MOSCOW, January 16 (Sputnik) — Recently Russia has again, as in the days of the Cold War, come under intense pressure from the self-styled "masters of the universe," bent upon forcing the country to change its domestic and foreign policy.
The ability to withstand attempts at destabilization is determined chiefly by Russia's internal potential. But in a united, interconnected world, one cannot do without allies.
On the one hand, this includes those states which are similarly interested in the right to make a sovereign choice. On the other, it includes those political forces inside countries which are opposed to the ruling circles which hold to an aggressive line.
In the first area Russia is doing a great deal, and with some success. In the second, a paradoxical trend is observable. The country which has inherited from the Soviet period a great number of leftist and center-left partners has recently received the unexpected support from the opposite side of the political spectrum. To start with, well-known ultra-right forces critical of the European Union stepped out against anti-Russian sanctions, among them the leader of France's National Front, whose party is considered fascist in France. Then, Hungary's Jobbik, known for its anti-Semitism and the persecution of the Roma, and until recently supporters of the Maidan, recognized the right of Crimea, Donbass and Ukrainian Transcarpathia to self-determination. Praising the Russian president became fashionable even among Western "fighters against illegal immigration". And late last year American "anti-globalists" from among the ranks of the Republican Party flocked to Moscow. Among them there were even advocates for the secession of Texas and other southern states, once part of the Slave-owning confederation, from the United States. And this amid the coming sesquicentennial anniversary of the US Civil War and the assassination of President Lincoln.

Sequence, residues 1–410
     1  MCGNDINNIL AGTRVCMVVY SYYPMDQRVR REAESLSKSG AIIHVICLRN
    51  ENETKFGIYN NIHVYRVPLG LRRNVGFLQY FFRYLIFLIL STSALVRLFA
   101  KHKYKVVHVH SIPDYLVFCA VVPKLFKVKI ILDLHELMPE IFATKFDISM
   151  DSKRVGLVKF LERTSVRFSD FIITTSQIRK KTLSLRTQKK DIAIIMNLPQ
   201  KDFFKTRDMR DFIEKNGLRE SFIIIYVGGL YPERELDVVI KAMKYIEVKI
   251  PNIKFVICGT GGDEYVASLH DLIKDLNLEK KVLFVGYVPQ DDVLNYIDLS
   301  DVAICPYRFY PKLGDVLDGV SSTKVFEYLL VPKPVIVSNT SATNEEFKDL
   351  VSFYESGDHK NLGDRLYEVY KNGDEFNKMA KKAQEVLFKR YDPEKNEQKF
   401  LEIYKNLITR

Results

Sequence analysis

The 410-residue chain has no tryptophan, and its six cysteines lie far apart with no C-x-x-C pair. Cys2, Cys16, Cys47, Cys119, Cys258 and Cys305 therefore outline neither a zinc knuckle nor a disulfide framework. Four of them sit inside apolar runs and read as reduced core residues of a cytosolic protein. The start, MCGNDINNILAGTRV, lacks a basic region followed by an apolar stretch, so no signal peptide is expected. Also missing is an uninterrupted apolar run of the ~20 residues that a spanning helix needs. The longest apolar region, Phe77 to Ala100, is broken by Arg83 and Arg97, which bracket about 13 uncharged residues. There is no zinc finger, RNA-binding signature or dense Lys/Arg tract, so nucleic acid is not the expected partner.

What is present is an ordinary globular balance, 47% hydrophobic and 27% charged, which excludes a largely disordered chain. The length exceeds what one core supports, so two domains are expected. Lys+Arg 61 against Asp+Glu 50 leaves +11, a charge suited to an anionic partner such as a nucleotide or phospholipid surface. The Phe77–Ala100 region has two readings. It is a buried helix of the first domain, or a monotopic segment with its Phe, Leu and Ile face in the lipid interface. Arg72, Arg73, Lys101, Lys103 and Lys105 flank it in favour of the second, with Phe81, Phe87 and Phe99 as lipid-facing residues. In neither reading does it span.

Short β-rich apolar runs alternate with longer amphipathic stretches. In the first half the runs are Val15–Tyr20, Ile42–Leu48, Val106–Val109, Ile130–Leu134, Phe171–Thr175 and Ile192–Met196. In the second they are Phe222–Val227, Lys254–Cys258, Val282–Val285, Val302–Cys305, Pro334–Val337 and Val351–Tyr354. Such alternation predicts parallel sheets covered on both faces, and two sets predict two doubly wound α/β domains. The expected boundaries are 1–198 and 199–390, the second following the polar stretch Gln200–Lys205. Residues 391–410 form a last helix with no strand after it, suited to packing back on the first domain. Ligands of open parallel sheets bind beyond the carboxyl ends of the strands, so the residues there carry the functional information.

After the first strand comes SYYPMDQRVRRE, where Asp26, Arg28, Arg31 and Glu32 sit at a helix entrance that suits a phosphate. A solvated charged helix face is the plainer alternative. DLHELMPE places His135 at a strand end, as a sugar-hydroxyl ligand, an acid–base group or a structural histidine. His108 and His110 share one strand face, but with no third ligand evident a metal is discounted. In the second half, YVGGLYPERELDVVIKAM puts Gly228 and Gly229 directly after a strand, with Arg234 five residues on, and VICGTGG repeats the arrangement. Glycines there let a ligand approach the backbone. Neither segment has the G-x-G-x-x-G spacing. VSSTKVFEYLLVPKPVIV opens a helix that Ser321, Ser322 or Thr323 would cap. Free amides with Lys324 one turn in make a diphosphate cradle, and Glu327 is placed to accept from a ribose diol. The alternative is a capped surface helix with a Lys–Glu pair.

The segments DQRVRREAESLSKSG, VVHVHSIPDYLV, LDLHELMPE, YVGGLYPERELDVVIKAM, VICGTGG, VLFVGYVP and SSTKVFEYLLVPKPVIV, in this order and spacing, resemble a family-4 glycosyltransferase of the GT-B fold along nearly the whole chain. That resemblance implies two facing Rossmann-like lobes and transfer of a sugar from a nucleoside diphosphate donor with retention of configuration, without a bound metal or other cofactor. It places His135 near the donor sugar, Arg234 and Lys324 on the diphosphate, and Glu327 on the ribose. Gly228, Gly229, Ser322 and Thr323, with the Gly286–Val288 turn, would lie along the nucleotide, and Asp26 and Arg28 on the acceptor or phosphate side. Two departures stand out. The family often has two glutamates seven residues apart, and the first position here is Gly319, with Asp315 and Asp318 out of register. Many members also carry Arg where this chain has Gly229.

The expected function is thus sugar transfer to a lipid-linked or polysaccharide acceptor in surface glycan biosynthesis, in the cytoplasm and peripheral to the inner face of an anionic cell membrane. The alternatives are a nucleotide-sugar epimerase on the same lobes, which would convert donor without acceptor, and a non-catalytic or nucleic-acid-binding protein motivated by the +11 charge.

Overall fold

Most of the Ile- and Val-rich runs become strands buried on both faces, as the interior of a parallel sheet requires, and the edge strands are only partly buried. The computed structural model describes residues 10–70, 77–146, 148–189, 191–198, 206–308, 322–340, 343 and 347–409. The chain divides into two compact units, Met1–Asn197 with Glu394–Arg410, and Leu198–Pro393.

We can have a laugh, and together with some journalists rejoice about how many friends of Russia are coming to visit. We can hope for a miracle and say that if not today then tomorrow the EU and the United States might share the fate of the USSR. But jokes aside, emotion is a bad advisor in politics.
The previous government in Kiev also tried to get along with Oleh Tyahnybok's "Freedom" Party and others like them. The tragedy in Ukraine has shown that the "love affair" with the radical right can finish the same way at the start of the 21st century as it did at the start of the 20th. The Greek "Golden Dawn" Party, opening a branch in Spain, openly promotes Nazism, its leader in jail awaiting trial on charges of organizing a criminal grouping. Jobbik has more than once been cited for the destruction of monuments to our soldiers, and its interest in Transcarpathia has its specificities: this region, populated by a Hungarian minority, had once been annexed by Budapest, when it was a satellite of Hitler's Reich, and was lost for the same reason. But it is not ideology, nor even historical memory, but today's political reality that is at issue.